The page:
One of the features of MOBIFY is mapping the source site to the mobile
view (www.yoursite.com/category/article &
m.yoursite.com/category/article). After installing a device detection
plugin, search links work on mobile without loading the heavy desktop
version. This presents several interesting challenges.
1. My mobile view appears in desktop search results. We most often
illustrate this using the Digg example:
Some desktop sites are not very SEO-friendly, causing the mobile view
to rank higher than the source. Google loves well-designed,
well-structured sites with minimal noise. Mobile versions often match
that description. Would you want to be ranked higher at the expense of
your desktop version being #1? A quick fix for this situation is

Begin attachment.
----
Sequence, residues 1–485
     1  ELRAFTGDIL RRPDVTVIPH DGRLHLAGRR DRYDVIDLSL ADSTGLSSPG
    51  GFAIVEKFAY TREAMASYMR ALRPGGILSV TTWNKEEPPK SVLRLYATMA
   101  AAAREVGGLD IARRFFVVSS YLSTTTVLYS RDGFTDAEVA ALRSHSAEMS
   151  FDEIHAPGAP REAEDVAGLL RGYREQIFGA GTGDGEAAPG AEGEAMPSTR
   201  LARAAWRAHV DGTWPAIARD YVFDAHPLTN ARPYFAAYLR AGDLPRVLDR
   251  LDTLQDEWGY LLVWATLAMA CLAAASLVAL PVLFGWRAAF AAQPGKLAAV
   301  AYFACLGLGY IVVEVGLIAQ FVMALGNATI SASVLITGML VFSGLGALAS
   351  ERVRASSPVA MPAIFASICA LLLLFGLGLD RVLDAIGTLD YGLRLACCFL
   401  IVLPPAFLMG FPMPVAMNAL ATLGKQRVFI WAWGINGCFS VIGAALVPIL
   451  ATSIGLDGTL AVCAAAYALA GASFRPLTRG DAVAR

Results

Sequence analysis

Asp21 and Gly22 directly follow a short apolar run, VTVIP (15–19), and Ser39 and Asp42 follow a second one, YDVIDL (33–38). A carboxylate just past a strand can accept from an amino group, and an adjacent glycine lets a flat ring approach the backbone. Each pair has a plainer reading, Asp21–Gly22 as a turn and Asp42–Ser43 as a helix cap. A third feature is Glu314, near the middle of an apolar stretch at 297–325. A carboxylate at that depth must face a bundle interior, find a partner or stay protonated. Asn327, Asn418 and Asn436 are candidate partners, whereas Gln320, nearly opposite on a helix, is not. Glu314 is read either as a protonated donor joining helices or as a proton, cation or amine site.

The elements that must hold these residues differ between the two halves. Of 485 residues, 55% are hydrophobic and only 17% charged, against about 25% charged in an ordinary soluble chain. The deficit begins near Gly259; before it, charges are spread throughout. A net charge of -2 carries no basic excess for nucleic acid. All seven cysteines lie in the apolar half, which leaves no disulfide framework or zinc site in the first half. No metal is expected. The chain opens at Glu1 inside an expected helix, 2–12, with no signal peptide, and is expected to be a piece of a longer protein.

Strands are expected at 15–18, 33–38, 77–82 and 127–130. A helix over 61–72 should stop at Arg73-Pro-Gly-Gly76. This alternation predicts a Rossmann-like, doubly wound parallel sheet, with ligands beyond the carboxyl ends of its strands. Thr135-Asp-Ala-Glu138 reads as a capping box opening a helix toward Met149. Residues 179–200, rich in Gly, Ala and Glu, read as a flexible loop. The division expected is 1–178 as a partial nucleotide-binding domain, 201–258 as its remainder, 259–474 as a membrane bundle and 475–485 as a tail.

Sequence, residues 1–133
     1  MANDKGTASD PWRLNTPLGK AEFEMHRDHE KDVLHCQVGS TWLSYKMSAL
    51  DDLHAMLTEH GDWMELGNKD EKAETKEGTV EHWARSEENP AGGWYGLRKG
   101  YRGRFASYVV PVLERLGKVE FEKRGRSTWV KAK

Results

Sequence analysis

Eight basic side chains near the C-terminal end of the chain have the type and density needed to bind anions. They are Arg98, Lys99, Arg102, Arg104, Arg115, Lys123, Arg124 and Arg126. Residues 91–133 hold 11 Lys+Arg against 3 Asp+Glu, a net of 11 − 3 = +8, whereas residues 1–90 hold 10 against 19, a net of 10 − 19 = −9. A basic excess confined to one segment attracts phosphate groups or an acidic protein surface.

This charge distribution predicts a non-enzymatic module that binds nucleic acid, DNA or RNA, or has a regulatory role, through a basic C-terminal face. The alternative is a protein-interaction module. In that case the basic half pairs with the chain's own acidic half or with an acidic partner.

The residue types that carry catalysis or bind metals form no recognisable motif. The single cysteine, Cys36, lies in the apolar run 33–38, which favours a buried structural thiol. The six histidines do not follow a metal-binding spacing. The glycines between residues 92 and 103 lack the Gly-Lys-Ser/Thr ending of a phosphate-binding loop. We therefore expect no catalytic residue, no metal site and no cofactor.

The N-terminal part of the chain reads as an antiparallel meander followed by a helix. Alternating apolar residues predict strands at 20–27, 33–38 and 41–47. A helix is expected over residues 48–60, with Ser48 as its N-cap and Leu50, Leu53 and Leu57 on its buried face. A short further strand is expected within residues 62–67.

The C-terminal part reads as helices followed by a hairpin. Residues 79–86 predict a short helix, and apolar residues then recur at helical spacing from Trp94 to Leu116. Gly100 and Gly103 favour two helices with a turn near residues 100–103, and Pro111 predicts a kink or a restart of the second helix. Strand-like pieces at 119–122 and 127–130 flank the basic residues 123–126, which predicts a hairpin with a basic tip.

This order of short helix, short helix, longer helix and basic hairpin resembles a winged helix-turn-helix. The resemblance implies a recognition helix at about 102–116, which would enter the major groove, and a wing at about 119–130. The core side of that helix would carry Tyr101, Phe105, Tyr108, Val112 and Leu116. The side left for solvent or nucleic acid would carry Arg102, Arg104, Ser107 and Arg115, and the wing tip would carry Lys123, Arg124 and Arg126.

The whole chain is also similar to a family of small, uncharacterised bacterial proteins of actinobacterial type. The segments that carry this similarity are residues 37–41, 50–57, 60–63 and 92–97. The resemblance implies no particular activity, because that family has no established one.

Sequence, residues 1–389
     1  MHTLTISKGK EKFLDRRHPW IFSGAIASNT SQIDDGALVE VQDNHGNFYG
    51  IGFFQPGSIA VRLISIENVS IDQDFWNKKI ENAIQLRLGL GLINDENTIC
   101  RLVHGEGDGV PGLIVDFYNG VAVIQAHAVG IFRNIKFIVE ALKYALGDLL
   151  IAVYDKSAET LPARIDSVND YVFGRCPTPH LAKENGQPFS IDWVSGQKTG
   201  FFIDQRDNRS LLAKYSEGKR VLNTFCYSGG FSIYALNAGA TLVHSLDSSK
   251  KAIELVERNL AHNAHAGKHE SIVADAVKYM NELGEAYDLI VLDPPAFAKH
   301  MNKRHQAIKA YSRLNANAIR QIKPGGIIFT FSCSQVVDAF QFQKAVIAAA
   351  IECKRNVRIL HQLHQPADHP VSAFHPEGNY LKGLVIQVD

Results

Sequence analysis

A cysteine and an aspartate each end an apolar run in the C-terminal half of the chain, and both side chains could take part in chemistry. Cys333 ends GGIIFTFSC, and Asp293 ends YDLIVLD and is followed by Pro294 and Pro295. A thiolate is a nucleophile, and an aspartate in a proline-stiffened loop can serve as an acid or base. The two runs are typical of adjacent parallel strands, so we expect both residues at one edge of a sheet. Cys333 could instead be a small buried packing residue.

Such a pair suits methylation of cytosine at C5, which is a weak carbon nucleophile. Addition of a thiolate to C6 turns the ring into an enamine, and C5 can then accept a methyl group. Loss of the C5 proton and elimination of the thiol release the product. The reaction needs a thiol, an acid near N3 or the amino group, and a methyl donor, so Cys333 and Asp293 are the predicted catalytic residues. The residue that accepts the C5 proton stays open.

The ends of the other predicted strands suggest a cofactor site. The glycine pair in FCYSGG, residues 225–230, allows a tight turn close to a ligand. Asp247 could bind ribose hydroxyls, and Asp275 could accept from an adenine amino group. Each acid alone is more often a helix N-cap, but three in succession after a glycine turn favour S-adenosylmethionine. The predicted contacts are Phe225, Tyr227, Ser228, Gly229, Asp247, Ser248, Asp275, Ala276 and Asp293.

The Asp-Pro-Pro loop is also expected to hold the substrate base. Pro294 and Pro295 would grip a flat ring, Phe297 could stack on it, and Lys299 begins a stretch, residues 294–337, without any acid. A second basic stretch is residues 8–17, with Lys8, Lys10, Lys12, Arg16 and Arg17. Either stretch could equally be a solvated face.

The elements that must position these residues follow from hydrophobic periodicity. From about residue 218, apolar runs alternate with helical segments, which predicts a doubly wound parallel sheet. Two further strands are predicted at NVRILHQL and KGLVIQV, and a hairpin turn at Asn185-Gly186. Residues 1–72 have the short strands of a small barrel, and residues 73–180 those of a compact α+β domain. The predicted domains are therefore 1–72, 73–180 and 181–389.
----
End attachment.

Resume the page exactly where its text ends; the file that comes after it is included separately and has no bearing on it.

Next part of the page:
achieved by blocking search engine crawlers from seeing the mobile view.
2. Mobile vs Desktop Sitemaps.
Google has a whole section dedicated to mobile sitemaps in its
Webmaster Central. It also has a section for desktop sitemaps. While
the overall effectiveness of these can be disputed, should a mobile view
have a sitemap of its own? Should there be two, in parallel? This is not
clear when the URL structure and domain are the same for both
3. Should mobile crawlers be driven to specific areas of a website?
Major search engines deploy mobile crawlers – masked behind User Agent
strings of outdated phones like the Nokia 8300. Their task is to
discover mobile-friendly pages. In the WebKit world mobile friendliness
means a lot more to the publisher (from the revenue standpoint) than to
the mobile user. We recommend only messing with this in case the point
of entry to the mobile view is different than the index of the source
These are interesting decisions that come us as websites face several
types of search and use context. Let us know if you have any stories to